Mitogen‐activated protein kinase (MAPK) cascades are tightly controlled through a series of well‐characterized phospho‐regulatory events. In this issue, Takeda et al (2014) identify the inhibitor of apoptosis protein, XIAP, as a key regulator of ERK5 activation via uncoupling of upstream kinase activity by non‐degradative ubiquitination.
See also: A‐N Takeda et al
In eukaryotes, MAPKs are essential mediators of an immense variety of cellular responses to mitogenic, homeostatic, and deleterious stimuli. MAPKs are the terminal enzymes in an architecturally conserved core module of three kinases. MAPKs are regulated immediately upstream by a family of MAPK kinases (MAP2Ks), which themselves are regulated by MAPK kinase kinases (MAP3Ks). In mammals, four canonical MAPK families are recognized: ERK1/2, JNKs, p38s, and ERK5. Signaling specificity, fidelity, and termination are contingent on cell type and state, including expression and localization of substrates and communication between the MAPKs and other signaling pathways that may act to amplify or restrict output. Under physiological circumstances, rapid and robust activation of MAPKs is followed by similarly potent cessation of signaling, a process largely regulated by phosphatases that remove activating phosphorylation, and sometimes by negative feedback phosphorylation disconnecting upstream components (Raman et al, 2007).
Cross talk between the MAPKs and other signaling pathways through post‐translational modifications other than phosphorylation comprises an additional layer of regulation to fine‐tune the amplitude and duration of signaling downstream of MAPK cascades. One mode of coordinated signaling involves modification of the MAPK machinery by covalent linkage of ubiquitin, a small protein that can be added to a substrate to form a single adduct, or in longer chains to form a polyubiquitinated product. Multiple reactive lysines on ubiquitin can be attached, generating a wide range of possible ubiquitin configurations to influence target protein stability and function. Upon discovery, ubiquitination was viewed as a mechanism to signal the degradation of protein targets by the proteasome. More recent work has uncovered a plethora of non‐proteolytic functions for ubiquitin in cell signaling (Chen & Sun, 2009). Regulatory ubiquitination plays diverse roles in MAPK signaling, from receptor internalization and recycling to inhibition and degradation of downstream signaling components (reviewed by Nguyen et al, 2013).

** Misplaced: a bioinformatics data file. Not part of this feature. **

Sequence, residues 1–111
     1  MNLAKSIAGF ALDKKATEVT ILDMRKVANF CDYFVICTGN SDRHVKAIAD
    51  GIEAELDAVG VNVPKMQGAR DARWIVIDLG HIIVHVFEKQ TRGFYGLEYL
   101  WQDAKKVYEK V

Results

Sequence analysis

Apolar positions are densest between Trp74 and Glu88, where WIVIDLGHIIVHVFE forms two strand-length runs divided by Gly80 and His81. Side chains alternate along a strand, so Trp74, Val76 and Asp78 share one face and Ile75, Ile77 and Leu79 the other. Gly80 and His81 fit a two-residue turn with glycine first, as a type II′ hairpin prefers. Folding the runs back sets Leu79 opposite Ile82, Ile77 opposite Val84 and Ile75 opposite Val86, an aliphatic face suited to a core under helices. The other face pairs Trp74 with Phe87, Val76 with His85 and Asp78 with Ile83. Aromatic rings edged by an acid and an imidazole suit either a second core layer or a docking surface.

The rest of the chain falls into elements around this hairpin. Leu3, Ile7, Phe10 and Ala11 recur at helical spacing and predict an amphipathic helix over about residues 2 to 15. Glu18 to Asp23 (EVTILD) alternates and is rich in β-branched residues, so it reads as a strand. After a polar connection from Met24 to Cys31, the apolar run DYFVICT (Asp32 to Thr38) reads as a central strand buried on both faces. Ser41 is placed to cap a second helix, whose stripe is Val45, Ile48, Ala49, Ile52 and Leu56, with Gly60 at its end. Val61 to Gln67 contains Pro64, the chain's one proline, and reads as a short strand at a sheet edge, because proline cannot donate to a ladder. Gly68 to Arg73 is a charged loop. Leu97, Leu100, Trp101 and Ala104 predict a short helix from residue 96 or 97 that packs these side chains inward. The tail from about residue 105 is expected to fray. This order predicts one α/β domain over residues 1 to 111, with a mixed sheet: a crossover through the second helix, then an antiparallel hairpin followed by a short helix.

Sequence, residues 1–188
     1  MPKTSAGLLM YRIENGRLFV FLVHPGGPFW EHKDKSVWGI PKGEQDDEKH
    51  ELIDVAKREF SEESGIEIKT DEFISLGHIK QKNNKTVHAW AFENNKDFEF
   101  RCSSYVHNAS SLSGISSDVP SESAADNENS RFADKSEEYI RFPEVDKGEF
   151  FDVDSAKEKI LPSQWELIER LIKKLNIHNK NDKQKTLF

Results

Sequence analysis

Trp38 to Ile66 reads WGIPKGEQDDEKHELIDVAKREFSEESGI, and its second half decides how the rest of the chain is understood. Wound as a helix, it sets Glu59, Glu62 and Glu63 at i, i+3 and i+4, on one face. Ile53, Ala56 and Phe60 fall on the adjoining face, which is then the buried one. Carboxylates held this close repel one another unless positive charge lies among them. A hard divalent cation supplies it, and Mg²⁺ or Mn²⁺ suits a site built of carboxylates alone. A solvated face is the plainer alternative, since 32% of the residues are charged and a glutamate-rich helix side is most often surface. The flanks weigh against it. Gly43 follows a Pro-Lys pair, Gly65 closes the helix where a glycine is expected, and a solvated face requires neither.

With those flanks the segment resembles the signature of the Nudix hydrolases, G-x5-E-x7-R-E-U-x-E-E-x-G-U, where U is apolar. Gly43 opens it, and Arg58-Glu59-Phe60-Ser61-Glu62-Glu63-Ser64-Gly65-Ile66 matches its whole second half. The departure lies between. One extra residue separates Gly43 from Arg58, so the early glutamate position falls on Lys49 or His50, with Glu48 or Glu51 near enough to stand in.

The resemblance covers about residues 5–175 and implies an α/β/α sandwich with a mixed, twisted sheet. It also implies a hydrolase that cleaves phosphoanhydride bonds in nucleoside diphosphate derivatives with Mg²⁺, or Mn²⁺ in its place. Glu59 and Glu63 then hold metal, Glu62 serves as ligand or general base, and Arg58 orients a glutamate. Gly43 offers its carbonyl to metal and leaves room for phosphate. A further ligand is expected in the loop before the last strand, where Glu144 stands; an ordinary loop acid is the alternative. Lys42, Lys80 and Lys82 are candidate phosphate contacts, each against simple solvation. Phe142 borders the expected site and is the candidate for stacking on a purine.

Previously, the Rajalingam group showed that degradation of c‐Raf could be triggered by the inhibitor of apoptosis proteins XIAP and cIAP1/2, which in turn blocked downstream ERK1/2 activation and cell motility in a cell type‐dependent manner (Dogan et al, 2008). The IAP proteins were initially characterized as inhibitors of caspase‐mediated apoptosis. Reports in the last several years have established roles for this family in development and cell migration, particularly XIAP, cIAP‐1, and cIAP‐2, which possess E3 ubiquitin ligase activity in their C‐terminal RING domains (Kenneth & Duckett, 2012).
Setting out to determine whether the IAP proteins could modulate the activity of other MAPK pathways, Takeda and colleagues found that XIAP and cIAP1 impose restrictions on ERK5 activation, surprisingly through a non‐degradative ubiquitination mechanism (Takeda et al, 2014). ERK5 (also known as Big MAP Kinase, or BMK1) is quite similar to ERK2 with 66% identity in the kinase domain, but possesses a greatly extended C‐terminal domain that can modulate its activity and localization (Nithianandarajah‐Jones et al, 2012). ERK5 is activated by MEK5 (a MAP2K) downstream of MEKK2/3 (MAP3Ks), primarily in response to stress and mitogens, and documented mechanisms to suppress signaling are limited. Knockdown of XIAP and cIAP1 resulted in increased basal and mitogen‐induced phosphorylation of ERK5. Biochemical analysis revealed that MEKK2 and MEKK3 were direct ubiquitination substrates of XIAP and cIAP1. MEKK2/3 ubiquitination readily allowed interaction with and phosphorylation of MEK5, but prevented formation of a ternary complex with ERK5. Despite its function as an activator of the JNK pathway, MEKK2 ubiquitination had no observed effect on JNK pathway activation, suggesting pathway specificity of this mechanism. Earlier work by the Nishida group had demonstrated that ERK5 is an essential mediator of myogenesis through its activity toward the Klf family of transcription factors to support a pro‐myogenic transcriptional program (Sunadome et al, 2011). Consistently, loss of XIAP also enhanced myotube formation and expression of muscle differentiation markers (Takeda et al, 2014) (see Fig 1).
The discovery of a direct interaction between the IAP family and MAPK cascade components by Takeda and colleagues uncovers a previously unrecognized mechanism to suppress MAPK signaling that involves non‐degradative ubiquitination. On a molecular level, it remains unclear how ubiquitination prevents interaction of the MEKK2/3‐MEK5 module with ERK5, but not MEK5. Interaction between MEKK2/3 and MEK5 is mediated by heterodimerization of PB1 domains that have a ubiquitin‐like structure, and the MEK5 PB1 domain is also important for ERK5 interaction (Sumimoto et al, 2007). In addition to possible effects on localization, MEKK2/3 ubiquitination may simply mimic a PB1 domain interface to specifically and elegantly disrupt ERK5 binding.
- © 2014 The Authors